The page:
Have a Great Day!
    Earl
     
  5. alan white
    Joined: Mar 2007
    Posts: 3,731
    Likes: 121, Points: 0, Legacy Rep: 1404
    Location: maine

    alan white Senior Member

    Wow. $4000.00 for a sailplan! Ouch!
     
  6. PAR
    Joined: Nov 2003
    Posts: 19,133
    Likes: 470, Points: 93, Legacy Rep: 3967
    Location: Eustis, FL

    PAR Yacht Designer/Builder

    A mule is a staysail attached at mizzen top. It can be set flying in small craft, but your boat will want a stay. Of course the stay has to be removable, so you can jibe the boat, so it's a sail you use selectively. It's quite powerful as you can imagine, but does have some inconvenience.

    What is your current SA/D, plus D/L, general hull from type, etc.?

    Your designer may not want to do the job, but $4,000 isn't unreasonable for a new sail plan, though this wouldn't be a new one, just an update to his files, so like I said, he may not want to do it. You can get a modified sail plan a good bit cheaper then that, assuming nothing major has to move (chain plates, mast steps, etc.).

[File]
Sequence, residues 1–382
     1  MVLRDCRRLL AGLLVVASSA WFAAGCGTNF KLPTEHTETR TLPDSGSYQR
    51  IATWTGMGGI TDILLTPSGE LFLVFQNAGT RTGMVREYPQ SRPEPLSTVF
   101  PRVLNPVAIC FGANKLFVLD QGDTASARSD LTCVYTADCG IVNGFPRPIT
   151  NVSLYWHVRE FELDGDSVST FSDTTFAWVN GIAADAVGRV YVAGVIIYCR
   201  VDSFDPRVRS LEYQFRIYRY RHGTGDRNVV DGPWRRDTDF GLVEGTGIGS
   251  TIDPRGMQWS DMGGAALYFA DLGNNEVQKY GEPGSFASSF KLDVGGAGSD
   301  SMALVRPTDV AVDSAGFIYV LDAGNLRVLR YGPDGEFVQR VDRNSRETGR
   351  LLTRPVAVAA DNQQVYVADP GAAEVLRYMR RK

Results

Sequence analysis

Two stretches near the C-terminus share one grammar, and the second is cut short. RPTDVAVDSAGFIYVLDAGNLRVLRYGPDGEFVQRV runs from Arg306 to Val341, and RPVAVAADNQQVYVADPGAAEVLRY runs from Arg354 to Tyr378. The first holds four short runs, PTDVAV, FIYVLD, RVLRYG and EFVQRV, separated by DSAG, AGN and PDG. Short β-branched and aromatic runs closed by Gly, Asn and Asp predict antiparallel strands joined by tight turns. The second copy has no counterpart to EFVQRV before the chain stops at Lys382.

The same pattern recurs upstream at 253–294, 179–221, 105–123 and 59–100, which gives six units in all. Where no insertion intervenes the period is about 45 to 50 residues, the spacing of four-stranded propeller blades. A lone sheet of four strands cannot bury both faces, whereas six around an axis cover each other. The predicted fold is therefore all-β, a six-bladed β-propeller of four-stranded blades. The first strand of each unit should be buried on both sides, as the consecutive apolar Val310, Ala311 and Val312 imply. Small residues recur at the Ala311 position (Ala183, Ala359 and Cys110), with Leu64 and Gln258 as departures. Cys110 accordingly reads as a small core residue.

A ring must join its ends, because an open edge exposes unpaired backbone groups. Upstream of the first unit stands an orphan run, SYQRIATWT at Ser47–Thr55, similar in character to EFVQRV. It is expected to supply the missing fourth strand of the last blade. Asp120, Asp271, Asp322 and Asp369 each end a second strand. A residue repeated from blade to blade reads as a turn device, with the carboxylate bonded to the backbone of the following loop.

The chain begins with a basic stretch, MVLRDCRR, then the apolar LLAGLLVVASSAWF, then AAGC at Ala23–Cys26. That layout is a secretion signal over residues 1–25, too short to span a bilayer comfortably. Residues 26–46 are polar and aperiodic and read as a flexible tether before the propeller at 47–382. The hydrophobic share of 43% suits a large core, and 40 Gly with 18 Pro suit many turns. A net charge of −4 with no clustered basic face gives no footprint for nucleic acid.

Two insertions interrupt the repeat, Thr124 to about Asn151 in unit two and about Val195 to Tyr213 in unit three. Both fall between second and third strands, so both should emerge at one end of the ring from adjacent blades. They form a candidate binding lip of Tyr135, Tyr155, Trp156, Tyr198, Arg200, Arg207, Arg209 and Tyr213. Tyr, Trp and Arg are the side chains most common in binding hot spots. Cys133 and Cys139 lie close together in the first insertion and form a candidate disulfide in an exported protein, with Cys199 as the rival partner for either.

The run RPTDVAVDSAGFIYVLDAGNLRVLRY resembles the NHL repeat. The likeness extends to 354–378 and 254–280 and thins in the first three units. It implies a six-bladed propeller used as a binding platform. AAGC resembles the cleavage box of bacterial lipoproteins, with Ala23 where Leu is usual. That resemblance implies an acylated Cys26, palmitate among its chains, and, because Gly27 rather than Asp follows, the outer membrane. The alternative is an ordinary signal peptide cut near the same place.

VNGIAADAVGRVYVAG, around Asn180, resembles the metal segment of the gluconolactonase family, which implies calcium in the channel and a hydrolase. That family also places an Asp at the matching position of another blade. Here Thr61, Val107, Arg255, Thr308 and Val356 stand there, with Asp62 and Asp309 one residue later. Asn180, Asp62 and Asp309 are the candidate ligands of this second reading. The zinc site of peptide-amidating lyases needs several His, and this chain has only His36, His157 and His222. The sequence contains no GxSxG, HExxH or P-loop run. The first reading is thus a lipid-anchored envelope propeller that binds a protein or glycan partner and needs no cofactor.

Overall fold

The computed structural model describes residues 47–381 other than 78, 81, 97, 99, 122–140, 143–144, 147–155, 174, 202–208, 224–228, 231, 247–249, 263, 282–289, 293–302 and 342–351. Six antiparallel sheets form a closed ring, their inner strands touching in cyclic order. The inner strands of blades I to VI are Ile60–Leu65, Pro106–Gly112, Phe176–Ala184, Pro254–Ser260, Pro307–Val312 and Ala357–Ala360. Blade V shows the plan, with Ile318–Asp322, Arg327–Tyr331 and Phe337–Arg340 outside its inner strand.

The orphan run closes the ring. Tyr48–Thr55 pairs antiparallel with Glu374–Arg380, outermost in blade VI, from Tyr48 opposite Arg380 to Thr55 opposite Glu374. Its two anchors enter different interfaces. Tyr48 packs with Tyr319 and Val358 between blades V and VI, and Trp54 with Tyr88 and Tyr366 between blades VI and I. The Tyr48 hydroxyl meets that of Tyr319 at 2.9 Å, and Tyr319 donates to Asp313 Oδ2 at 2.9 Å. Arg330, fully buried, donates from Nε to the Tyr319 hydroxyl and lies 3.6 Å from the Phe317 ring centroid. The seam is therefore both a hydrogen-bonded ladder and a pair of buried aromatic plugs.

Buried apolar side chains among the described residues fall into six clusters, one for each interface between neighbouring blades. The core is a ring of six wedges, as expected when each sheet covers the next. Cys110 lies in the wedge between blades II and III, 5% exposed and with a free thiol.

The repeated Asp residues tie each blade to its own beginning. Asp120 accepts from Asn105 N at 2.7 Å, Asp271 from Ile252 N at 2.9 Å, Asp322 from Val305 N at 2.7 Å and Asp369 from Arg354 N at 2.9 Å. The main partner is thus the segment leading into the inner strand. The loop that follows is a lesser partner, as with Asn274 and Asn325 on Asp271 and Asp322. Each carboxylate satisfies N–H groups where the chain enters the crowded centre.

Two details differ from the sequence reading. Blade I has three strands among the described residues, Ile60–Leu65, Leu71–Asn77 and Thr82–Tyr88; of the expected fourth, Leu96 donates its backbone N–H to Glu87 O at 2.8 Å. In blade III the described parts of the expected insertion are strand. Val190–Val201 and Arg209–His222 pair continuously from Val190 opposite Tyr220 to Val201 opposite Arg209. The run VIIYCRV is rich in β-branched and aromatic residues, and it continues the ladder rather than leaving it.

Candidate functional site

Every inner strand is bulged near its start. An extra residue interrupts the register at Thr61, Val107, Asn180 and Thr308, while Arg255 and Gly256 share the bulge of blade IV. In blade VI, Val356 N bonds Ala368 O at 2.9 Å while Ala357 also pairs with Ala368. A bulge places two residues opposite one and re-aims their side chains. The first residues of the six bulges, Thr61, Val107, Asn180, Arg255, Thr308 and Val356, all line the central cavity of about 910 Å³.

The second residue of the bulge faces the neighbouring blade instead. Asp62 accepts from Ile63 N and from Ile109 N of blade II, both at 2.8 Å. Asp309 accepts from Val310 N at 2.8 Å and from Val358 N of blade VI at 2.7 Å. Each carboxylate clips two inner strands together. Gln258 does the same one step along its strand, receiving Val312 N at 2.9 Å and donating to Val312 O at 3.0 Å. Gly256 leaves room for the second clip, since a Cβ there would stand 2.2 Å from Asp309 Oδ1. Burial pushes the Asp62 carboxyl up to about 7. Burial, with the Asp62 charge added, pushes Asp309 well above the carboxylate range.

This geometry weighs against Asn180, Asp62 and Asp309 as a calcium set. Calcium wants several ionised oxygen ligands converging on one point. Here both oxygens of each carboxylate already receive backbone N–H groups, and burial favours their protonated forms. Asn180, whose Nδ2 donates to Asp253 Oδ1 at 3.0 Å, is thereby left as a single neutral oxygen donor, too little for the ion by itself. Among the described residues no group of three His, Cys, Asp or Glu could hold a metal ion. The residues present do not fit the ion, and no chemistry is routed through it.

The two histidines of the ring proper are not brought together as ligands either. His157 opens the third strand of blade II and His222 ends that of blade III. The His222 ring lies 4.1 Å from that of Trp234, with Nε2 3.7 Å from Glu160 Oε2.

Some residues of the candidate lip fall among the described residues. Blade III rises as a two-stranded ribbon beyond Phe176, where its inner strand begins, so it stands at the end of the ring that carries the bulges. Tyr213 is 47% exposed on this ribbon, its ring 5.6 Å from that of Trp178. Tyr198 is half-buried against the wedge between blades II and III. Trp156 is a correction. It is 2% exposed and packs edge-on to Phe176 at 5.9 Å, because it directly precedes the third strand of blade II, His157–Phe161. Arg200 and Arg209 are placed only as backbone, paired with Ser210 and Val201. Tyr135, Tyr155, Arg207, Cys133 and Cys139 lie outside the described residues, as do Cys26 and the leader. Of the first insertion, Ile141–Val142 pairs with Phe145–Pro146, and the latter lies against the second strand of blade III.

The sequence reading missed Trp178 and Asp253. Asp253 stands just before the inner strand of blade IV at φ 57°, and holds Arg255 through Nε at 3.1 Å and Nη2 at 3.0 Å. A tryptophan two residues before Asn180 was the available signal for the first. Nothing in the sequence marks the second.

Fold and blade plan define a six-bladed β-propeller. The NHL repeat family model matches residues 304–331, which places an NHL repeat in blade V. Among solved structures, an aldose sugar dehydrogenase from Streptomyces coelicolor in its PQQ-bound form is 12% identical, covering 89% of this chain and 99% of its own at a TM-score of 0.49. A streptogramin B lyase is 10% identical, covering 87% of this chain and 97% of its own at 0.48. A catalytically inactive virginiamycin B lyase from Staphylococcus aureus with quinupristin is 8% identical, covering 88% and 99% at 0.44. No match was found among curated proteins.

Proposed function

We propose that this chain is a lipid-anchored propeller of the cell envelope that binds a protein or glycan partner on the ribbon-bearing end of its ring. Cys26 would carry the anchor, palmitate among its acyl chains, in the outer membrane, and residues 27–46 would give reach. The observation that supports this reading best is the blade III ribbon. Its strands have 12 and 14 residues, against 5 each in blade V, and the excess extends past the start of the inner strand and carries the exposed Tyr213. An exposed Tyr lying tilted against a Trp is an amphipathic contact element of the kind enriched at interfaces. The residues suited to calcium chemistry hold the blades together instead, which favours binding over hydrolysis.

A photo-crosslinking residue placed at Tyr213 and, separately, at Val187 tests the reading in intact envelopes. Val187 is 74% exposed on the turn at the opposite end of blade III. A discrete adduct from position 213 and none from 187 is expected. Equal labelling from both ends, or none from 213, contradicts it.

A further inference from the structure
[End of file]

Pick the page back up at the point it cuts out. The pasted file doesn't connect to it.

7. ecflyer
    Joined: Jan 2009
    Posts: 81
    Likes: 4, Points: 0, Legacy Rep: 72
    Location: Green Bay, Wisconsin

    ecflyer Junior Member

    PAR
    SA/D = 14.34, D/L = 235, general hul type is rounded, full skeg hung rudder and keel is approx 4' deep x 13' long air foil shaped. Capsize ratio = 1.82
    Chain plates cannot be moved, nor can the 2 mast locations move, but designer still wants $4000 to increase sail performance. I have an 88 hp Yanmar diesel installed and hull speed is calc'd to be 8.39 knots. I believe this would be a great boat if sail performance could be significantly improved w/o increasing mast height so stability is retained
    Have a Great Day!
    Earl.
     
  8. PAR
    Joined: Nov 2003
    Posts: 19,133
    Likes: 470, Points: 93, Legacy Rep: 3967
    Location: Eustis, FL

    PAR Yacht Designer/Builder

    14.34 is quite low and with her D/L, she'll need a fair bit of wind just to motivate her.

    It sounds like the designer has reached a point of no return and I'm not sure I blame him. Look at it this way, you don't want to raise the masts, you don't want the masts or chain plates to move, you don't want the stability to decrease and you'd like to retain the capsize screen. To me, this sounds like his hands are tied so badly he doesn't want to be bothered.